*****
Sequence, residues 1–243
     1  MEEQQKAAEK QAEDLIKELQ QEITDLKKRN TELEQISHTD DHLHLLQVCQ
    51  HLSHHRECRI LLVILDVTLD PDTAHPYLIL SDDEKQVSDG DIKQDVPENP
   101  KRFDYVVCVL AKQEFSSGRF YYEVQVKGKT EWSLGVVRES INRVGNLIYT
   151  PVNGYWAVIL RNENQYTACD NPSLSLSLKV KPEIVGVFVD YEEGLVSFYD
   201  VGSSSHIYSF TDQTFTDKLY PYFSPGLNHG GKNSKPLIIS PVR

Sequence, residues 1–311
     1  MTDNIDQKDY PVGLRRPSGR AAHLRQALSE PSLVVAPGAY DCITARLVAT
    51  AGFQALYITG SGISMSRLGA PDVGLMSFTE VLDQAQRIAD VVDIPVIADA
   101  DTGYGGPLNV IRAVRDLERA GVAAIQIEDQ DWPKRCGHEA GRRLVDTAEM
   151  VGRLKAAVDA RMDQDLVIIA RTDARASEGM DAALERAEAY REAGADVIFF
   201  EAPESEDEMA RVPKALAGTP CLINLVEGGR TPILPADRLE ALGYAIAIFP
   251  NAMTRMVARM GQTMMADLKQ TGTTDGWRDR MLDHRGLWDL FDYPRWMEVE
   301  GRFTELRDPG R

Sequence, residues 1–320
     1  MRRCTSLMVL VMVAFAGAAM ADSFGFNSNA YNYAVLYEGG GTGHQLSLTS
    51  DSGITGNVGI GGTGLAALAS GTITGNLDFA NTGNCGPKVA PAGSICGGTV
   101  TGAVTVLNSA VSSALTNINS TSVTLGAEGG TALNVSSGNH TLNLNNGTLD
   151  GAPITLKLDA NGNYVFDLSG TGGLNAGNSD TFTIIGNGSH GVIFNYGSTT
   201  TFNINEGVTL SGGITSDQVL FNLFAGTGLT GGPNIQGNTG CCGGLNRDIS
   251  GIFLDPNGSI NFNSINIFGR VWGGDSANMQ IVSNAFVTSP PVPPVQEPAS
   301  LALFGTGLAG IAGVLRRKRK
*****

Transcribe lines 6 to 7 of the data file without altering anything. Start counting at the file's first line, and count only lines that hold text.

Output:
   201  VGSSSHIYSF TDQTFTDKLY PYFSPGLNHG GKNSKPLIIS PVR

Sequence, residues 1–311